The faculty member normally will have discussed with you the alleged violation of the code. Sometimes this discussion does not happen. The Chair of the Board of Academic Integrity will provide you a copy of the reporting form completed by the faculty member and the main evidence submitted with that form. The main rule about evidence in advance of a hearing is that the student must know the charge and the main evidence supporting that charge so he/she can prepare a defense. Therefore, a faculty member cannot come to a hearing and change the charge or add new charges. However, at every appeal hearing both the faculty member and the student usually present some evidence that the other has not seen and they also say things in response to questions that each has not heard before.
There is a separate appeal procedure for cases where the student admits that there is an academic integrity violation but feels that the penalty imposed by the faculty member is too harsh. If you wish to appeal the severity of the penalty, you should contact the faculty member’s chair. You should not appeal your grade while your academic integrity violation case is still pending. Appeals concerning the severity of the grade are only appropriate after you have either agreed that an academic integrity violation has occurred or the panel has determined that such a violation has occurred.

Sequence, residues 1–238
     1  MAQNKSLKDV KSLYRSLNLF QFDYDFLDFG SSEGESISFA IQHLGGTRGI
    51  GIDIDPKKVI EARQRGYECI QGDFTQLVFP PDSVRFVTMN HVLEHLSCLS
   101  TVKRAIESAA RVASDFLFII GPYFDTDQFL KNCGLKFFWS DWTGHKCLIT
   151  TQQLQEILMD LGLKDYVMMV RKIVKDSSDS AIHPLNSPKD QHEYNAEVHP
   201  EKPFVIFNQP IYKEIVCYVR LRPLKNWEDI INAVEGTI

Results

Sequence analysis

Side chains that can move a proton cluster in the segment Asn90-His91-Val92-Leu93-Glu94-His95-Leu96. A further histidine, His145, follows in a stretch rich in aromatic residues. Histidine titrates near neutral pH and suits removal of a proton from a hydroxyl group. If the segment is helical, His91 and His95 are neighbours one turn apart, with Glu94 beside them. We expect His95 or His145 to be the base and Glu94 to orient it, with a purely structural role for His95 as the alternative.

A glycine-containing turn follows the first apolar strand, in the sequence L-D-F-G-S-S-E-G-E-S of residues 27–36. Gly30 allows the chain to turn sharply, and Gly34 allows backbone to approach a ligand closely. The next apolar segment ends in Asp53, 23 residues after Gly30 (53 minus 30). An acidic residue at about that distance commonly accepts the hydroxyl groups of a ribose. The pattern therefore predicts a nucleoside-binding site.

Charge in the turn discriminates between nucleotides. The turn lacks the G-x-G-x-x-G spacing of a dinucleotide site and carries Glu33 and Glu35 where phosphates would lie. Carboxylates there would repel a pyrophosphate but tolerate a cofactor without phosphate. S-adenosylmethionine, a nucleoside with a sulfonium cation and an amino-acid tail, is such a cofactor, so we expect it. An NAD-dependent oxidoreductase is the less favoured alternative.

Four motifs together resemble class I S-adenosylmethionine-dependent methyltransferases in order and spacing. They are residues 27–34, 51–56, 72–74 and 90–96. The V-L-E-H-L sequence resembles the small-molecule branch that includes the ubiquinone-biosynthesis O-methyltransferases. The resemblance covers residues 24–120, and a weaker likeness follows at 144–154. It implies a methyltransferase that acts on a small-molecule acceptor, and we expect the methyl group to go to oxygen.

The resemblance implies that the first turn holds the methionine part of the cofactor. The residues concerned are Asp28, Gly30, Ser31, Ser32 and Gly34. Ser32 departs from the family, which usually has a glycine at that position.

In some exceptional cases, the faculty member and his or her dean may feel that although the student did violate the academic integrity code, the student should receive a warning rather than a full academic integrity violation. If you have received a class II violation, that means that your case is considered less serious. If you feel that you deserve a class II violation, you may write to the dean requesting this after you have signed the letter admitting that you did violate the academic integrity code or after the panel hearing your appeal has found you responsible for the violation.
Violating the Code is very serious indeed, but the important thing is to learn from your mistakes and make sure that you are never again in a situation where your integrity is in question. Like many other bad things, you can make this a positive experience if you learn from it.